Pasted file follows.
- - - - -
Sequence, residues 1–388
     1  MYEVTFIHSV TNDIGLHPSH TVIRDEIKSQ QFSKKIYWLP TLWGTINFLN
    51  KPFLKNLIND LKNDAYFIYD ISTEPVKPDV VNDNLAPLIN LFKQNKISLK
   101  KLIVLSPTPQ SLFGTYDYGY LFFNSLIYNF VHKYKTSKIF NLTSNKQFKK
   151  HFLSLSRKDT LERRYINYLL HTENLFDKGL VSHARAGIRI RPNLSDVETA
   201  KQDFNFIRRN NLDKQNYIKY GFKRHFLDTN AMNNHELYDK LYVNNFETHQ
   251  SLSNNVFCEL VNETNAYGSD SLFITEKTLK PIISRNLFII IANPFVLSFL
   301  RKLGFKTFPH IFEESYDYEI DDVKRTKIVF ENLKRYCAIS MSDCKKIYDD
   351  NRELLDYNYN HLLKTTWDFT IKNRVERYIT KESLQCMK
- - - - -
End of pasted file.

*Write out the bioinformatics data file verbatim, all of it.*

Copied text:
Sequence, residues 1–388
     1  MYEVTFIHSV TNDIGLHPSH TVIRDEIKSQ QFSKKIYWLP TLWGTINFLN
    51  KPFLKNLIND LKNDAYFIYD ISTEPVKPDV VNDNLAPLIN LFKQNKISLK
   101  KLIVLSPTPQ SLFGTYDYGY LFFNSLIYNF VHKYKTSKIF NLTSNKQFKK
   151  HFLSLSRKDT LERRYINYLL HTENLFDKGL VSHARAGIRI RPNLSDVETA
   201  KQDFNFIRRN NLDKQNYIKY GFKRHFLDTN AMNNHELYDK LYVNNFETHQ
   251  SLSNNVFCEL VNETNAYGSD SLFITEKTLK PIISRNLFII IANPFVLSFL
   301  RKLGFKTFPH IFEESYDYEI DDVKRTKIVF ENLKRYCAIS MSDCKKIYDD
   351  NRELLDYNYN HLLKTTWDFT IKNRVERYIT KESLQCMK